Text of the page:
After firing CEO Dov Charney last month, American Apparel decided to update its company code of ethics with stricter guidelines regarding interoffice relationships.
According to the new policy, “No management-level employee may make sexual advances, welcome or unwelcome, toward any subordinate.” Considering Charney’s time with the company was riddled with allegations of sexual harassment, it’s no surprise that the company wants to take a more conservative approach to fraternization.
If things turn south, the last thing you’ll want is someone gossiping about your private life or what you said about your boss after a particularly tough performance review.
Also, consider how much you’d continue having to work with the person after breaking up—or even how regularly you’re likely to run into him or her at work functions or around the water cooler.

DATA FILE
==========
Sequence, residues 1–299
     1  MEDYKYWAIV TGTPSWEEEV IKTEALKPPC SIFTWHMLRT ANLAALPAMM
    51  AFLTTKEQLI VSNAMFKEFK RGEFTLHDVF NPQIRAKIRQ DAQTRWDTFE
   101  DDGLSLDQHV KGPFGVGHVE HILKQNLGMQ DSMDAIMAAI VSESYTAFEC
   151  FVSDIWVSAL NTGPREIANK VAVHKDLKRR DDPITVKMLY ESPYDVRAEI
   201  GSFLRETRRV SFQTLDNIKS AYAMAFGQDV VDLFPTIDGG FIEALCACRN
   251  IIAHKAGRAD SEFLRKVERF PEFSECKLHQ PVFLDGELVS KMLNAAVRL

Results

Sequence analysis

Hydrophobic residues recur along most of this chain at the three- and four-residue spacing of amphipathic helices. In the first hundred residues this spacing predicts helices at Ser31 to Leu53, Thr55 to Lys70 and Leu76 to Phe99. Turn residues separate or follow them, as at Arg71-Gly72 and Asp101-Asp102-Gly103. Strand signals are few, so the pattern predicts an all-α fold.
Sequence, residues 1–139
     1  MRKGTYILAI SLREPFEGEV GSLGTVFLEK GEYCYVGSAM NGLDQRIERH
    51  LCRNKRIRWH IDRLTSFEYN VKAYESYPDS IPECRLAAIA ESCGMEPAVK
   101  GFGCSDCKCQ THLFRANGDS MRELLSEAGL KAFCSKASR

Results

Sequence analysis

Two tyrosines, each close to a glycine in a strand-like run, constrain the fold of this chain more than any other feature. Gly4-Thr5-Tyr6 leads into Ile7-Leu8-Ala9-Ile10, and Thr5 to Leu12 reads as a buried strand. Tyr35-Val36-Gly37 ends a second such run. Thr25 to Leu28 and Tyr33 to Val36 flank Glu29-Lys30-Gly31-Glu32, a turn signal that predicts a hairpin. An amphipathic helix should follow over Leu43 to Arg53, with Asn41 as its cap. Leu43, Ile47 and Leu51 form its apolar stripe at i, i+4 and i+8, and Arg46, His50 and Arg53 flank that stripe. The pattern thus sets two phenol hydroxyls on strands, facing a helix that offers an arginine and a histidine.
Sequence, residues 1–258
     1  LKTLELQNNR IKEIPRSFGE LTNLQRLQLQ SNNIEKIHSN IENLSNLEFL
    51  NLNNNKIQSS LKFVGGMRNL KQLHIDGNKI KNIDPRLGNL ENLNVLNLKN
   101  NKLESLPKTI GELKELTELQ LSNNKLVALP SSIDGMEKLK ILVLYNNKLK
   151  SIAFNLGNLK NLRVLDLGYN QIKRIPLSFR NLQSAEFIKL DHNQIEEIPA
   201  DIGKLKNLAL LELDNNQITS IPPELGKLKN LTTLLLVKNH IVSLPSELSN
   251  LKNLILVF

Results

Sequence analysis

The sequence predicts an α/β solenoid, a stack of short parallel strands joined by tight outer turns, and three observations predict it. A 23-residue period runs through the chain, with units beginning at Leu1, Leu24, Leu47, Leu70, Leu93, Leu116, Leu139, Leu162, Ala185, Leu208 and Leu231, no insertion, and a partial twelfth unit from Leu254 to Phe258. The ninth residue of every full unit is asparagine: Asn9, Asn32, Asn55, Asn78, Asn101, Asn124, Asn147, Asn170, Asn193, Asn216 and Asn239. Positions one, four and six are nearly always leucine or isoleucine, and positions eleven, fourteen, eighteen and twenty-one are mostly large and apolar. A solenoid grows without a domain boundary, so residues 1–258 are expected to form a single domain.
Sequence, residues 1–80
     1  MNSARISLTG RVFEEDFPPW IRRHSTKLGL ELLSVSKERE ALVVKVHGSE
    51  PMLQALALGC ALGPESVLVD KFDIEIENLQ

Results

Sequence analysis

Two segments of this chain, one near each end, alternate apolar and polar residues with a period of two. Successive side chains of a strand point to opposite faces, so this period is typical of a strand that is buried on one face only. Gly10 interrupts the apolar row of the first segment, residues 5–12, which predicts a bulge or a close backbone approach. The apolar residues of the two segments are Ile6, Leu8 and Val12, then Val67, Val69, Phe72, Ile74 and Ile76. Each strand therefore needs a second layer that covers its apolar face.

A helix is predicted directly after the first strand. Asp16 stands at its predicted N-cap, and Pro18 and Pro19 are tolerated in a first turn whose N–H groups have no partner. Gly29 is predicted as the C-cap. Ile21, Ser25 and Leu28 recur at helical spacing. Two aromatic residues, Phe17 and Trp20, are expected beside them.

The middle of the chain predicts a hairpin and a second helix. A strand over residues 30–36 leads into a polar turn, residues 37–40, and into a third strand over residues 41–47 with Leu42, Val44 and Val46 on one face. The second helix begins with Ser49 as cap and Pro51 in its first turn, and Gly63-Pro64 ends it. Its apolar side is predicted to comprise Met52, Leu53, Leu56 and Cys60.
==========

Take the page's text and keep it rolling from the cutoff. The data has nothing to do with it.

Perhaps that makes sense given the amount of time we spend at work: In an office relationship, you can relate to the struggles someone faces from 9 to 5, says Brownlee.
That’s not easy to do with a spouse or partner who works in a different field.
“It can make for a very uncomfortable situation,” she says Whitmore.
For those of you considering an office relationship with a married coworker, here’s some sage advice: Don’t dip your pen in the company ink.If coworker romantic relationships had been handled the way they should, there would be no need for a #Me Too movement because abuses would not have happened in the first place.First and foremost, understand your company’s policy about dating other employees.Consider the Worst-Case Scenario With 7% of respondents to the Career Builder survey saying they had to leave a job after a breakup, you’ll be glad you did some critical thinking before jumping into any new relationship with a colleague.First of all, ask yourself how well you know your potential partner.